For those who are interested, here's the long-winded version of how I got to be in this place... Doing this stuff...
by Edgar Allan Poe
From childhood's hour I have not been
As others were; I have not seen
As others saw; I could not bring
My passions from a common spring.
From the same source I have not taken
My sorrow; I could not awaken
My heart to joy at the same tone;
And all I loved, I loved alone.
Then - in my childhood, in the dawn
Of a most stormy life - was drawn
From every depth of good and ill
The mystery which binds me still:
From the torrent, or the fountain,
From the red cliff of the mountain,
From the sun that round me rolled
In its autumn tint of gold,
From the lightning in the sky
As it passed me flying by,
From the thunder and the storm,
And the cloud that took the form
(When the rest of Heaven was blue)
Of a demon in my view.
One hundred years later...
After a peripatetic and badly mixed bag of formative school system experiences I furtively scuttled away from secondary education in the late seventies with a few formal qualifications, a muddle in my mind and a colony of angst in my pants. A rich blur of bohemian moments spent in the reckless, devil-may-care haze of a post-punk, end-of-decade London scene, connecting with cosmopolitan arty-farty types, enterprising, hippy squatter types and psychedelic, techno-pagan types preluded some pluralistic trekking about on an international trajectory of self-discovery that was variously littered with a jumble of experiences - glittering, heart-rending and mind-expanding in roughly equal measure.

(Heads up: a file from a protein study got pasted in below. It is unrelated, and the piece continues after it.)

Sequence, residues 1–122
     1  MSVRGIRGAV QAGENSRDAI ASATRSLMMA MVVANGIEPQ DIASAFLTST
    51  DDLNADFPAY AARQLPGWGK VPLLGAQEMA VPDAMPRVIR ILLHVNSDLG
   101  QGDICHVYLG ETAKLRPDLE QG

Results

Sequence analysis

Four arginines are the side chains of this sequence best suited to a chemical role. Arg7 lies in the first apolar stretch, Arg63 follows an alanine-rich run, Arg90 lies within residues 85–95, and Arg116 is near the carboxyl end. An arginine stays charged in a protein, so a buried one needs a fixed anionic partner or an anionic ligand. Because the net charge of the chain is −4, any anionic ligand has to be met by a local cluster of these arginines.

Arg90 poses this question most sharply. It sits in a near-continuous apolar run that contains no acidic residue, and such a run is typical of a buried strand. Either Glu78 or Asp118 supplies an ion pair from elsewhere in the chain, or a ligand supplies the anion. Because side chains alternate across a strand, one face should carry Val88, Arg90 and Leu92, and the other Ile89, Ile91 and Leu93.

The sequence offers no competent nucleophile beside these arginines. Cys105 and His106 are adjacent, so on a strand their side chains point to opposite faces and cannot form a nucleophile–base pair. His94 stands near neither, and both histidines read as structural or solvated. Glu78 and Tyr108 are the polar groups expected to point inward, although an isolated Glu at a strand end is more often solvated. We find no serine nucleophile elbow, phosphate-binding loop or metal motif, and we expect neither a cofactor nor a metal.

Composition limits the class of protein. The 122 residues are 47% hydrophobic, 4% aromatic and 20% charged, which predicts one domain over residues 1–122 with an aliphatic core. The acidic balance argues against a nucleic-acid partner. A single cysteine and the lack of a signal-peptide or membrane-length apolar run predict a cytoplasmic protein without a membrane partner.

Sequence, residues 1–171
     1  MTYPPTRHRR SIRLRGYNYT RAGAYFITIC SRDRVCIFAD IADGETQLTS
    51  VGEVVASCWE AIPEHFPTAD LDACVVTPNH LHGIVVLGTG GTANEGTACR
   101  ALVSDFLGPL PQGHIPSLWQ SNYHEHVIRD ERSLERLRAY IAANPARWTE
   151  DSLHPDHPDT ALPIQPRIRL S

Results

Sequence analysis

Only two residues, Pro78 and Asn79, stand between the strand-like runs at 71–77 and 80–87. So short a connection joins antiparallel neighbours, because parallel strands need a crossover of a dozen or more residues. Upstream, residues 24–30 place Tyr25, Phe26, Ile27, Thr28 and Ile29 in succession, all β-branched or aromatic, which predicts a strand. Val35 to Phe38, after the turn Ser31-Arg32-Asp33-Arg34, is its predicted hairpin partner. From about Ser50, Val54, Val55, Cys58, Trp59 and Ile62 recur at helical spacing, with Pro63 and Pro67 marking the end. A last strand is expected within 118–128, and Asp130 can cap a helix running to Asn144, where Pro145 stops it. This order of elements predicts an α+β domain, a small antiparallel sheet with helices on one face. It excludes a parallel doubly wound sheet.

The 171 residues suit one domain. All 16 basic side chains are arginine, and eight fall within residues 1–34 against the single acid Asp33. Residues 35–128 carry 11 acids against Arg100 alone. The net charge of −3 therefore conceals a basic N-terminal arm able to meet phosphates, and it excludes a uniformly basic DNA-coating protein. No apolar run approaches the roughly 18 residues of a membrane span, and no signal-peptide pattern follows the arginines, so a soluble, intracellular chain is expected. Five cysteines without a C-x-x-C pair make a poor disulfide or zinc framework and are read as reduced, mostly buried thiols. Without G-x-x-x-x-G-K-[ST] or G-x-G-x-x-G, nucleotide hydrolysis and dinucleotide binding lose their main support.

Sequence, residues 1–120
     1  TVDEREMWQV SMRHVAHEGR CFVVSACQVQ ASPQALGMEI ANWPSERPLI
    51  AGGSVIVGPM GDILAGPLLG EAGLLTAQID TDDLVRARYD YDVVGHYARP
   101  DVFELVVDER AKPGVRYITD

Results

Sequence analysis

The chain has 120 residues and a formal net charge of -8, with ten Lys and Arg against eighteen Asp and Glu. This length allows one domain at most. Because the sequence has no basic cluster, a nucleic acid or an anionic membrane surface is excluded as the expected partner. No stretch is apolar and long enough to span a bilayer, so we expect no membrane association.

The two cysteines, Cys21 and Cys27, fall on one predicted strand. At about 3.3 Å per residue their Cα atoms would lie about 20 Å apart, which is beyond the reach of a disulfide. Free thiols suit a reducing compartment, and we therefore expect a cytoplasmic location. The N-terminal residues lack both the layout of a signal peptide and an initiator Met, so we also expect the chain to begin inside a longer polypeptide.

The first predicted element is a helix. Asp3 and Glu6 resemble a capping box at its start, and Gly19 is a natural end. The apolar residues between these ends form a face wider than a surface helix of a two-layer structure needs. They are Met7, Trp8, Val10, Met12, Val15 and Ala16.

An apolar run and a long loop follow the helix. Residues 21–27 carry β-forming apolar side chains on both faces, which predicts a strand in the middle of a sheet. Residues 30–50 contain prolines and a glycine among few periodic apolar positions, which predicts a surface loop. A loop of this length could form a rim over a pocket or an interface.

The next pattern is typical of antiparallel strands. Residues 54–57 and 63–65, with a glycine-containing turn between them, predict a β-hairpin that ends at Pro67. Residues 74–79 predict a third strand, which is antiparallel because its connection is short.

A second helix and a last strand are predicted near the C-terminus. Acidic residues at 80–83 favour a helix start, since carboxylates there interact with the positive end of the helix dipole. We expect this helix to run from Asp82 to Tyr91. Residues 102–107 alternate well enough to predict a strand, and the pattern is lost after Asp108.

Deluded that the trail I blazed would be rapidly populated with dozens of like-minded institutional fugitives, fervent to follow in my fecund footsteps and colonise the utopian arcadia of my fanciful imagination, I rapidly and unsurprisingly found myself alone and adrift in the oceanic vastness of an indifferent planet. Then, at some simultaneously random and timely moment in the early spring of 1981, I arrived at and fell in love with California. I settled in Los Angeles where, over several years, I trained and practised freelance as a graphics draftsman, specialising in submissions to the US Patents Office.